Standard

Russian doll deployable meta-implants : Fusion of kirigami, origami, and multi-stability. / Bobbert, F. S.L.; Janbaz, Shahram; van Manen, T.; Li, Yageng; Zadpoor, A. A.

In: Materials and Design, Vol. 191, 108624, 2020.

Research output: Contribution to journalArticleScientificpeer-review

Harvard

APA

Vancouver

Author

BibTeX

@article{691bac87ea674d48bd8d6b09f1daede0,
title = "Russian doll deployable meta-implants: Fusion of kirigami, origami, and multi-stability",
abstract = "Deployable meta-implants aim to minimize the invasiveness of orthopaedic surgeries by allowing for changes in their shape and size that are triggered by an external stimulus. Multi-stability enables deployable implants to transform their shape from some compact retracted state to the deployed state where they take their full sizes and are load-bearing. We combined multiple design features to develop a new generation of deployable orthopaedic implants. Kirigami cut patterns were used to create bi-stability in flat sheets which can be folded into deployable implants using origami techniques. Inspired by Russian dolls, we designed multi-layered specimens that allow for adjusting the mechanical properties and the geometrical features of the implants through the number of the layers. Because all layers are folded from a flat state, surface-related functionalities could be applied to our deployable implants. We fabricated specimens from polylactic acid, titanium sheets, and aluminum sheets, and demonstrated that a deployment ratio of up to ≈2 is possible. We performed experiments to characterize the deployment and load-bearing behavior of the specimens and found that the above-mentioned design variables allow for adjustments in the deployment force and the maximum force before failure. Finally, we demonstrate the possibility of decorating the specimens with micropatterns.",
keywords = "Deployable structures, Mechanical behavior, Orthopaedic biomaterials, Surface patterns",
author = "Bobbert, {F. S.L.} and Shahram Janbaz and {van Manen}, T. and Yageng Li and Zadpoor, {A. A.}",
year = "2020",
doi = "10.1016/j.matdes.2020.108624",
language = "English",
volume = "191",
journal = "Materials & Design",
issn = "0264-1275",
publisher = "Elsevier",

}

RIS

TY - JOUR

T1 - Russian doll deployable meta-implants

T2 - Fusion of kirigami, origami, and multi-stability

AU - Bobbert, F. S.L.

AU - Janbaz, Shahram

AU - van Manen, T.

AU - Li, Yageng

AU - Zadpoor, A. A.

PY - 2020

Y1 - 2020

N2 - Deployable meta-implants aim to minimize the invasiveness of orthopaedic surgeries by allowing for changes in their shape and size that are triggered by an external stimulus. Multi-stability enables deployable implants to transform their shape from some compact retracted state to the deployed state where they take their full sizes and are load-bearing. We combined multiple design features to develop a new generation of deployable orthopaedic implants. Kirigami cut patterns were used to create bi-stability in flat sheets which can be folded into deployable implants using origami techniques. Inspired by Russian dolls, we designed multi-layered specimens that allow for adjusting the mechanical properties and the geometrical features of the implants through the number of the layers. Because all layers are folded from a flat state, surface-related functionalities could be applied to our deployable implants. We fabricated specimens from polylactic acid, titanium sheets, and aluminum sheets, and demonstrated that a deployment ratio of up to ≈2 is possible. We performed experiments to characterize the deployment and load-bearing behavior of the specimens and found that the above-mentioned design variables allow for adjustments in the deployment force and the maximum force before failure. Finally, we demonstrate the possibility of decorating the specimens with micropatterns.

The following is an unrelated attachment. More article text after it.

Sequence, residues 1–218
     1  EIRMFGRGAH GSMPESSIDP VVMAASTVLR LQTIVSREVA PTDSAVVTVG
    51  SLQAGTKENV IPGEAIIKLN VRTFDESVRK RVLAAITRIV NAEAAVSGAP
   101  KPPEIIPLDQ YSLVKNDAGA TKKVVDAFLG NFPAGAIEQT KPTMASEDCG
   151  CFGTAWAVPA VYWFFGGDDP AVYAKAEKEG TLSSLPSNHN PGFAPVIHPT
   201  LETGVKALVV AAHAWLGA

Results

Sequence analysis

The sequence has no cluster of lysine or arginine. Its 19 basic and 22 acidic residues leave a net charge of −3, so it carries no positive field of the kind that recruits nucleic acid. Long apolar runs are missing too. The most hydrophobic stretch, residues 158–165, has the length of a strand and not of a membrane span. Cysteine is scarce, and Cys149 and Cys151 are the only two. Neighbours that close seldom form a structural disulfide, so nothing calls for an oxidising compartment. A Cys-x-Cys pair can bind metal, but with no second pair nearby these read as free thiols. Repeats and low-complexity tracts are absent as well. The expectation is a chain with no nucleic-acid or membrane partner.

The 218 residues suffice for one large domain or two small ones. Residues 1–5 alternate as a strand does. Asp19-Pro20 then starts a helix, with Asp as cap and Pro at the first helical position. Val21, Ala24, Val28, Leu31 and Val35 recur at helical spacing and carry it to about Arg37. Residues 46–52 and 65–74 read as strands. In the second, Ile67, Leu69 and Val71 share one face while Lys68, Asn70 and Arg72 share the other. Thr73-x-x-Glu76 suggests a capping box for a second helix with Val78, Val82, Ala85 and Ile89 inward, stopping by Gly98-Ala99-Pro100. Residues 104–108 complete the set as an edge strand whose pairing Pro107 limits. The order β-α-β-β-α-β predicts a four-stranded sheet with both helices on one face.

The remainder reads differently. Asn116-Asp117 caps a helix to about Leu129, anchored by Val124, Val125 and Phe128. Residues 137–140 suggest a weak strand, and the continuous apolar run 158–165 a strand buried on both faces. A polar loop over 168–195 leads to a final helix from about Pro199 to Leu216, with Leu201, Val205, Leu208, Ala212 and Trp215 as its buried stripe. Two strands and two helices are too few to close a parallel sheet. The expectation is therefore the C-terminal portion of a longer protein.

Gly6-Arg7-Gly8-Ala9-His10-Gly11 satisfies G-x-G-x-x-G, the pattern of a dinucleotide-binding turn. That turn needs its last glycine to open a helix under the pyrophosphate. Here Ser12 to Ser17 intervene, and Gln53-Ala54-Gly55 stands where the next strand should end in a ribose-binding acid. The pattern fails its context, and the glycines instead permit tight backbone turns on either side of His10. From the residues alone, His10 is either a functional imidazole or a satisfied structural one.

AB - Deployable meta-implants aim to minimize the invasiveness of orthopaedic surgeries by allowing for changes in their shape and size that are triggered by an external stimulus. Multi-stability enables deployable implants to transform their shape from some compact retracted state to the deployed state where they take their full sizes and are load-bearing. We combined multiple design features to develop a new generation of deployable orthopaedic implants. Kirigami cut patterns were used to create bi-stability in flat sheets which can be folded into deployable implants using origami techniques. Inspired by Russian dolls, we designed multi-layered specimens that allow for adjusting the mechanical properties and the geometrical features of the implants through the number of the layers. Because all layers are folded from a flat state, surface-related functionalities could be applied to our deployable implants. We fabricated specimens from polylactic acid, titanium sheets, and aluminum sheets, and demonstrated that a deployment ratio of up to ≈2 is possible. We performed experiments to characterize the deployment and load-bearing behavior of the specimens and found that the above-mentioned design variables allow for adjustments in the deployment force and the maximum force before failure. Finally, we demonstrate the possibility of decorating the specimens with micropatterns.

KW - Deployable structures

KW - Mechanical behavior

KW - Orthopaedic biomaterials

KW - Surface patterns

UR - http://www.scopus.com/inward/record.url?scp=85081165829&partnerID=8YFLogxK

U2 - 10.1016/j.matdes.2020.108624

DO - 10.1016/j.matdes.2020.108624

M3 - Article

AN - SCOPUS:85081165829

VL - 191

JO - Materials & Design

JF - Materials & Design

SN - 0264-1275

M1 - 108624

ER -

ID: 71418893